The first Boulton & Watt steam engine used in Lancashire was installed in a Latchford cotton mill in 1787.

The town’s first MP was Edmund G. Hornby (Liberal) in 1832.

The first ever Lancashire county cricket match was played in Warrington in 1864.

Former deputy Prime Minister John Prescott once worked at the Patten Arms hotel as a commis chef.

Errol Flynn, Clark Gable and Johnny Weissmuller were stationed in the town during the Second World War.

Charlie Chaplin performed at the Royal Theatre of Varieties on Scotland Road before it became the Futurist then Regent cinema.

There are currently no street names in Warrington beginning with either X or Z (unless you know different!).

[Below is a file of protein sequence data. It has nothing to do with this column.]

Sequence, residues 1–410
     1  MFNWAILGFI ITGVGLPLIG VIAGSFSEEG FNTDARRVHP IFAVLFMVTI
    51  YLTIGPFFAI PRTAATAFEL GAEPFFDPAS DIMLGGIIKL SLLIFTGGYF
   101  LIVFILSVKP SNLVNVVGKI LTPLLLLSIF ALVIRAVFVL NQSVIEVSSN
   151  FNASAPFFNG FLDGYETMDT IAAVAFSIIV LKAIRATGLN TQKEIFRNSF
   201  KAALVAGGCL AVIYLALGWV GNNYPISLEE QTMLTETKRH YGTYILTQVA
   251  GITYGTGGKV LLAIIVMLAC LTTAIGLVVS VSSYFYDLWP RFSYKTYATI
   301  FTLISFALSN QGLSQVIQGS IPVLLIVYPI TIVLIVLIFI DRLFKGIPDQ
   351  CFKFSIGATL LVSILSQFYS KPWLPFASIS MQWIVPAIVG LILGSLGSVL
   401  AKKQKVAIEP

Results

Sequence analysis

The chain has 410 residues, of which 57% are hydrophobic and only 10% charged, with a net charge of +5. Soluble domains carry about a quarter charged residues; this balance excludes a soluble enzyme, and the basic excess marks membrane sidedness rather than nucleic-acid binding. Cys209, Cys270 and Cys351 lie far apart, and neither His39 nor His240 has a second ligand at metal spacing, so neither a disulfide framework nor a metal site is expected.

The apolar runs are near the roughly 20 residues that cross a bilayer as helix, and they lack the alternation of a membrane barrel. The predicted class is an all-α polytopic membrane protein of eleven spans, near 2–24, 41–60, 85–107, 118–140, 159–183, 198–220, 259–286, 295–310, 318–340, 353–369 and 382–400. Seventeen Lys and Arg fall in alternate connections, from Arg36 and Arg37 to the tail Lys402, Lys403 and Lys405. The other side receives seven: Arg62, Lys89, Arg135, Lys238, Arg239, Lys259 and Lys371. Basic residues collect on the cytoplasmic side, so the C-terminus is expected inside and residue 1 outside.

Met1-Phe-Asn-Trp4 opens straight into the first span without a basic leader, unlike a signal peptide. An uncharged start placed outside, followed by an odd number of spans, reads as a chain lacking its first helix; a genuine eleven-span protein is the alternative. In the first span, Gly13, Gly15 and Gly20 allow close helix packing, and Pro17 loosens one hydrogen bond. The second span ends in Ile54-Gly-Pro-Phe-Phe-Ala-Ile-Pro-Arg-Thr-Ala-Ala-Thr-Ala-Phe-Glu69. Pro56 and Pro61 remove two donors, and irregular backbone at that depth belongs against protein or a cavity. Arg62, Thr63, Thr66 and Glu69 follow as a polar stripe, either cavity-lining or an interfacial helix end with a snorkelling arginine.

Walton Hall, left, was originally the home of the Greenall brewing family.

The mansion is Elizabethan in style, but was actually built in the 1830s, as the family home of Gilbert Greenall and designed by Edmund Sharpe of Lancaster, who later became famous for the Gothic revival in architecture.

Here, the Warrington brewer adopted the lifestyle of a country squire with great success

and earned the title of Lord Daresbury. 

Lewis Carroll is believed to have been one of the early visitors.

The interior is breathtaking. Time has mellowed the oak panelling and elaborate mahogany fireplace in the hall. Stained glass panelled windows light up the impressive collection of Victorian paintings lining the staircase.

There is still lots of information to add, which I will add over the coming months (when I can find time between my college studies and work as a Director and Director of Finance at Rainbow After the Storm (Where Mental Health Matters).

rainbowafterthestorm.org